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Car insurance groups categorise vehicles based on their risk level. Understanding how these groups work can help you make a more informed decision when buying your next car.
Vertu Motors

A Guide to Car Insurance Groups

A Guide to Car Insurance Groups

  • Every car falls into one of 50 insurance groups.
  • These groups help determine the price of your insurance premium.
  • It is worth checking what insurance group a car fits into before you buy.
  • Knowing the insurance group will give you an idea of what you might expect to pay.
  • Other factors also affect the cost of your insurance premium.


Car insurance groups categorise vehicles based on their risk level. Understanding how these groups work can help you make a more informed decision when buying your next car. It will give you a clearer idea of the potential insurance costs associated with a vehicle.

Continue reading to learn more.


What are car insurance groups?

Every car fits into one of 50 insurance groups. These are used by insurance providers to help determine the premium you will pay for a vehicle.

The groups are defined by members of the Association of British Insurers and the Lloyds Market Association. They use data from Thatcham Research to help with categorisation.

Broadly speaking, the lower the insurance group, the cheaper the vehicle will be to insure. Cars are categorised depending on a number of factors. Generally, you can expect to see more powerful cars in higher groups, as they present a greater level of risk.

It is important to note that insurance groups are just one of the factors that affect the premium set by insurers for a vehicle. Many other elements are taken into consideration when generating your quote. We will cover these in more detail shortly!


What do the letters in insurance groups indicate?

Insurance groups are represented by a number followed by a letter, and each letter corresponds to specific information regarding the vehicle's safety rating:

  • A - Indicates that the car meets the group's standards.
  • D - Signifies that the car does not meet the set requirements and is placed in a higher group.
  • E - Demonstrates that the car exceeds expectations for its group and is assigned to a lower group.
  • P - Indicates provisional data, meaning the rating system was incomplete when the car was first launched.
  • U - Suggests that the car's security falls well below the requirements, and it may be insured on the condition that specific safety features are installed.
  • G - Notifies that the car has been imported from elsewhere.


How are cars categorised?

The insurance group that a car falls into is dependent on a number of factors. In a nutshell, the higher the risk of an insurance claim, the higher the grouping.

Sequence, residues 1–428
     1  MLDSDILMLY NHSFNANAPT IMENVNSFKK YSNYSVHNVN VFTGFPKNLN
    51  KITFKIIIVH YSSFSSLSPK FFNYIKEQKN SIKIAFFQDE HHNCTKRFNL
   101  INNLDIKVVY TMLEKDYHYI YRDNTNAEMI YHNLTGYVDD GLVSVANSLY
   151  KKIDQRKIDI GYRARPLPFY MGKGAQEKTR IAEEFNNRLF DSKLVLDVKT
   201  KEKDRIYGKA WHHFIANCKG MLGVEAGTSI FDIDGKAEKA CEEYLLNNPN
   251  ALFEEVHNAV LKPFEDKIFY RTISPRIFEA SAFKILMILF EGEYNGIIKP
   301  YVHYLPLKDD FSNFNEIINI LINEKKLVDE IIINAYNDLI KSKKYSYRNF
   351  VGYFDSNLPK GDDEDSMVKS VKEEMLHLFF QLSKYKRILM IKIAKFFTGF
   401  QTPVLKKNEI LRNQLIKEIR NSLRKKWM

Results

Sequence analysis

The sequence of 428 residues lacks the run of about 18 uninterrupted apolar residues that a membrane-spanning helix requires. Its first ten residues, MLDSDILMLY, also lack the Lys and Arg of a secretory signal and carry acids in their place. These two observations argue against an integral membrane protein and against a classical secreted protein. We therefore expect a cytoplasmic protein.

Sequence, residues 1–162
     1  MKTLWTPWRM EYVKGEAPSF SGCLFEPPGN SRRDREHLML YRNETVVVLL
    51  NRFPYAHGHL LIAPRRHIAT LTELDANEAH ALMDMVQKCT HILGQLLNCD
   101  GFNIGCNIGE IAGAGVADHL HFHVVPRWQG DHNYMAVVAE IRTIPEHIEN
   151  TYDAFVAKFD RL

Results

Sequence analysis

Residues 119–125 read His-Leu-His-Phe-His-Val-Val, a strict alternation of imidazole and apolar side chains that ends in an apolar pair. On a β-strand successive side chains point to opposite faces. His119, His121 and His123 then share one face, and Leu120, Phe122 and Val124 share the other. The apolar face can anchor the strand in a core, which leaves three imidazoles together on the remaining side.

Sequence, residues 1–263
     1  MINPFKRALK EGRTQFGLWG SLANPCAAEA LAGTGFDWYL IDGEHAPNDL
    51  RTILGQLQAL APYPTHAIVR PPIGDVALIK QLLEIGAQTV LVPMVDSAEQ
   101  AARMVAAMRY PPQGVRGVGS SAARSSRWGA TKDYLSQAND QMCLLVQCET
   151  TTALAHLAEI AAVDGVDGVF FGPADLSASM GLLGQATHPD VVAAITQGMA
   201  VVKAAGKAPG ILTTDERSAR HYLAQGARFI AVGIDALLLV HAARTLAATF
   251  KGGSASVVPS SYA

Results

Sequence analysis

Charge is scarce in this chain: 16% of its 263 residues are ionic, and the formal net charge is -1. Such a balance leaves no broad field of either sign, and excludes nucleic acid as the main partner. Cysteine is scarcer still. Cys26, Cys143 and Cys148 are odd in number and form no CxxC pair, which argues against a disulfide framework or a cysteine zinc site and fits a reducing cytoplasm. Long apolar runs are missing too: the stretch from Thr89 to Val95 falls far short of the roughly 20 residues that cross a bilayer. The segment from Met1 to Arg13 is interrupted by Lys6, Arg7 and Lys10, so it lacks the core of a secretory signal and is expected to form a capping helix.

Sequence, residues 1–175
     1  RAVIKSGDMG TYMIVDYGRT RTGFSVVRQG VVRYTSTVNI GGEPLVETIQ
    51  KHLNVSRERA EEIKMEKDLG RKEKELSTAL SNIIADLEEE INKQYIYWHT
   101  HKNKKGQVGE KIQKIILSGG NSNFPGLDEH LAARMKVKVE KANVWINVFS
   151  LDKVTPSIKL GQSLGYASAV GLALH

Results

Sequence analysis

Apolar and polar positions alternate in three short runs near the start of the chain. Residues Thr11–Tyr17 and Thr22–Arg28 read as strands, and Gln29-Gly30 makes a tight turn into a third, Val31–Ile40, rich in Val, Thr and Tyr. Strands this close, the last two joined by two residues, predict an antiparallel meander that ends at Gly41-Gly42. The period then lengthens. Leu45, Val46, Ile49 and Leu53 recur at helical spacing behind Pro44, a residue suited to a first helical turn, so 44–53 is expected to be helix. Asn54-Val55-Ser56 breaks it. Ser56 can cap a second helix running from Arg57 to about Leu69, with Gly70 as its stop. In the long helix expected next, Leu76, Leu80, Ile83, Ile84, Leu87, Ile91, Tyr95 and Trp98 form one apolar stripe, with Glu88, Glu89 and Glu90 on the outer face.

The following factors influence placement:

  • Value – cars of a higher value will have a greater cost of repairs and replacements. Therefore, they are more likely to fall into a higher group.
  • Performance – factors such as acceleration time and top speed indicate performance. More powerful cars are likely to be placed in higher insurance groups.
  • Repairs – vehicles that have higher costs for parts and labour to repair them will be placed in a higher group.
  • Safety – this encompasses the potential damage that may be inflicted on the vehicle, and the damage the vehicle may cause to others. Features such as autonomous emergency braking could result in a lower rating.
  • Security – if a vehicle is easy to break into, it will fall into a higher category. Anti-theft features such as an alarm can help lower the grouping.


What other factors influence the cost of car insurance?

As well as a vehicle's insurance group, insurance providers will also consider:

  • Your age – younger people are deemed a higher risk, as they have less experience on the roads. Individuals are classed as ‘young drivers’ until at least the age of 25.
  • Your claims history – having a record of previous insurance claims or driving offences is classed as a higher risk.
  • Your address – if you live in an area of high crime, it is regarded as a higher risk. Your car could be more likely to be stolen or vandalised in these places.
  • Your occupation – if your job requires you to spend long periods of time on the road, it is higher risk.


What vehicles are the cheapest to insure?

Generally, the cheapest vehicles to insure are lower power models with smaller engines. Examples include the Volkswagen Polo, Kia Rio, and the Toyota Aygo X.

Different specifications of the same model may fall into different insurance groups. For example, if a certain high specification Polo has a powerful, sporty engine, it could be in a higher group than the entry level model. If you are unsure when it comes to buying, ask one of our expert Sales Advisors. They will be happy to help!

Understanding car insurance groups can be helpful when choosing a new vehicle. It will give you an indication of the potential insurance costs in advance, which can help with your budgeting.

Check our range of new and used vehicles to find your next car today.


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